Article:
The pedagogical relationships are not traditional, but rather involve a group of people who work together to achieve a common goal. Together, the students and the tutor tackle concrete problems with a meeting style that fosters self-learning. Learning to dialogue is both an educational objective and a means of training in the group.
Promoter of Community Well-being
In any locality, numerous individuals serve their communities in different ways: as students, teachers, doctors, nurses, engineers, social workers, farmers, and many more. In addition to the knowledge and skills they possess in their specific fields or will acquire later as students, the program helps these motivated individuals to gain a deeper understanding of a set of concepts, and strengthen certain qualities, attitudes and skills that will allow them to serve their communities more effectively, and thus promote the well-being of their people. This includes the ability to integrate knowledge from different areas related to the challenges they will have to overcome in order to act on their social reality.
Promoters of Community Well-being have diverse backgrounds and are not satisfied with passive values where the motto is to live your life without harming others. They realize that the prosperity of their own families and the well-being of their communities are interdependent. They firmly believe that the spiritual and material progress of a people is a responsibility shared by all. They actively collaborate with local institutions in systematic action that helps the community overcome its challenges.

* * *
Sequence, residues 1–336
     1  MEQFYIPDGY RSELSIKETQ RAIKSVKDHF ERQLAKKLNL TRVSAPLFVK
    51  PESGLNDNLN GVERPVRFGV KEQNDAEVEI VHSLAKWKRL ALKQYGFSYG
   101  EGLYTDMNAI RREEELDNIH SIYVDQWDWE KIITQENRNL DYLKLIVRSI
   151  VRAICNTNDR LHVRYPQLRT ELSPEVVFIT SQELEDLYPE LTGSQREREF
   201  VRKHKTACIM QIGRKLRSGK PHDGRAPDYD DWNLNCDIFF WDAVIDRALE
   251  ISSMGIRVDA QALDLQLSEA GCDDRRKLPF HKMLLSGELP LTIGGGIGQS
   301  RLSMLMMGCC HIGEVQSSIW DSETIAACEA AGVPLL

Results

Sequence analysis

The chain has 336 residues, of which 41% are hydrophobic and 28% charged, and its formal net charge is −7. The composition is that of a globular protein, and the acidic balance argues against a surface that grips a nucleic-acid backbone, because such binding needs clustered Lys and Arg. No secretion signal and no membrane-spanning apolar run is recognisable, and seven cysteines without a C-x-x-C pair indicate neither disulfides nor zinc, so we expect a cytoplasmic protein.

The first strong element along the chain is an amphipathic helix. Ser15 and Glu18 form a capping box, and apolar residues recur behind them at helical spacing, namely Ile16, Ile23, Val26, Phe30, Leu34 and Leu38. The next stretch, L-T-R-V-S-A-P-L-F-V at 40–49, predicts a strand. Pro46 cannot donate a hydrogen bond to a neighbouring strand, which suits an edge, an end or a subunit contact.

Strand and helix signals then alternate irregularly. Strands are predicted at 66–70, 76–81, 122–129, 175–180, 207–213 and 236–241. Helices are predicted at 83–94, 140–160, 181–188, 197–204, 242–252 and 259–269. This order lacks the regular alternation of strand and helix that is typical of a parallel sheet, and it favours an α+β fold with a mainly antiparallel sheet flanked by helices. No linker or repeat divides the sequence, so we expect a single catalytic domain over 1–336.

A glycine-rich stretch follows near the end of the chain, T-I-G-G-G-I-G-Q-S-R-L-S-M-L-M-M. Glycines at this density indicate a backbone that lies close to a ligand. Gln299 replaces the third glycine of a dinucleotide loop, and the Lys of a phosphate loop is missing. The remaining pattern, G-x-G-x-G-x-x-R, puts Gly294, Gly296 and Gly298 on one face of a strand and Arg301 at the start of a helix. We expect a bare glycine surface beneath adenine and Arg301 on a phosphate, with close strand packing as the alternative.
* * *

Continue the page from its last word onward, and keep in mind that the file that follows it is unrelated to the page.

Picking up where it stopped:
The PSA curriculum
The PSA curriculum consists of 24 texts aimed at developing the participants’ capacities in language, mathematics, science and community life processes, which encompasses community service as well as the development and the use of appropriate technologies. In many cases, it has been useful to study units of the Ruhí Institute in this curriculum, which greatly enhances the training of promoters.
Study blocks organize the study of the units of the curriculum. These blocks are sets of study units that are studied in a specific order; the units of the first blocks helps participants understand concepts and develop skills that will be useful in more advanced blocks. Study blocks are not inherent to the program, but rather are a way of organizing content.
To study the units, PSA groups ideally meet 12 to 15 hours a week in a suitable place chosen by the students, which can be as simple as a backyard or the shade of a tree, as long as it permits concentration in a suitable environment. Under those conditions, the program should last approximately two and a half years.
In addition to studying the texts, groups also participate in acts of service, investigation, community meetings, and productive projects in the community. These aspects of the program help students become true promoters of community well-being. Some of these elements are part of the curriculum itself and others are initiatives of the groups and their tutors.
The program is organized administratively into what is called a PSA unit. A unit consists of 10 to 15 groups and their tutors, supported by a coordinator. The coordinator, in turn, has two tutors who assist with accompanying the groups. A unit has approximately 150 to 200 active students.